Leading Iranian dissident Ebrahim Yazdi has been sentenced to prison for acting against the national interest.
Mr Yazdi says he will appeal any sentence
According to state newspaper Iran, Mr Yazdi faces a heavy sentence for spreading propaganda and helping opposition groups.
The paper did not specify the sentence length and Mr Yazdi's lawyer says he has not been informed of the ruling.
Mr Yazdi, 73, leads the banned Iran Freedom Movement, a liberal nationalist opposition group.
The newspaper says the country's hardline judiciary has convicted Mr Yazdi of acting against the national interest, spreading propaganda against the government and illegally possessing weapons.
"I have no information on this sentence, but I will appeal any sentence with all legal means available," Mr Yazdi told the AFP news agency.
Mr Yazdi's lawyer confirmed to the BBC that he had not been told of any sentence.
Mr Yazdi has refused to attend the trial, and demanded an open court with a jury to hear his case.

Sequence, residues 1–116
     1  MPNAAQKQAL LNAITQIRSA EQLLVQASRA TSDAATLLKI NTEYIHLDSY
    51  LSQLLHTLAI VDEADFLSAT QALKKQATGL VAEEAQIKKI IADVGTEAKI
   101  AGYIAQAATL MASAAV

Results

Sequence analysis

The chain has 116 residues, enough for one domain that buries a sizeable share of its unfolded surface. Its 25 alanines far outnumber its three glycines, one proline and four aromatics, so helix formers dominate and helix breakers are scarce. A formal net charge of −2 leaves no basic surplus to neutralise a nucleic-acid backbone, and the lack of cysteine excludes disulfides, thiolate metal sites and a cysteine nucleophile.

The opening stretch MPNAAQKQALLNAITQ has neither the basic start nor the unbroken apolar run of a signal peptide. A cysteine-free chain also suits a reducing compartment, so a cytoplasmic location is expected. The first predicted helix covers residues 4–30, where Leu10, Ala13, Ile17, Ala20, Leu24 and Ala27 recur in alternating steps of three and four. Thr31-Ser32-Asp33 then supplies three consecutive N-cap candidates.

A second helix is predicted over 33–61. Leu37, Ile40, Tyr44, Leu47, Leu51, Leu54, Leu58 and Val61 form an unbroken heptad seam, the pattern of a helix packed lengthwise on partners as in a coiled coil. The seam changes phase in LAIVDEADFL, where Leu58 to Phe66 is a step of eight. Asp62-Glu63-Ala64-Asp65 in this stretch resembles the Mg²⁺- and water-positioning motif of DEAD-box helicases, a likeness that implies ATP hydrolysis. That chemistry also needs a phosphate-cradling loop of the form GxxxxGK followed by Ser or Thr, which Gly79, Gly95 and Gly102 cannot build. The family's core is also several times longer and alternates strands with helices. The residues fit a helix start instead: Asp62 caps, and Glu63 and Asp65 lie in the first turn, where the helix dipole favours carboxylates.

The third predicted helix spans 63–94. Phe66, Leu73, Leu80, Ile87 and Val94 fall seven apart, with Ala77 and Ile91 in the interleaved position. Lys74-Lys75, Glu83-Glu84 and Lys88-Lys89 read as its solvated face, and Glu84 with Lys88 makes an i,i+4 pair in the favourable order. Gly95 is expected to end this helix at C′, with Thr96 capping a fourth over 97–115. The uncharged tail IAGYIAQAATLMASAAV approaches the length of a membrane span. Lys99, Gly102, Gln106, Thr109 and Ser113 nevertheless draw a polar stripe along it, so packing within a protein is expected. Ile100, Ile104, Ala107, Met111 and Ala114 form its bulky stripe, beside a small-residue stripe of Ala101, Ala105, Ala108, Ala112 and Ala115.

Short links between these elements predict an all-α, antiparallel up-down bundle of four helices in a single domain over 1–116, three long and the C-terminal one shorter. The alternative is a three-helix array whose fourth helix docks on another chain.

Mr Yazdi was a close aide to the country's revolutionary leader Ayatollah Ruhollah Khomeini during his final years in exile in France.
The Iran Freedom Movement led by Mr Yazdi was founded in the 1960s and is seen as close to Iran's reformists.
Mr Yazdi was foreign minister in the first government to follow the Islamic revolution in 1979.
The group was tolerated until 2001, when the state decided to ban it as it questioned certain principles of the Islamic Republic.
In that year Mr Yazdi was was accused of "attempting to overthrow the regime" and "propagating against the regime".
In March 2001, nearly 60 members and sympathisers were arrested on charges of wanting to overthrow the regime on the eve of presidential elections won by the reformist Mohammed Khatami.
Fifteen were condemned to sentences of up to 11 years in prison and are awaiting the outcome of their trial.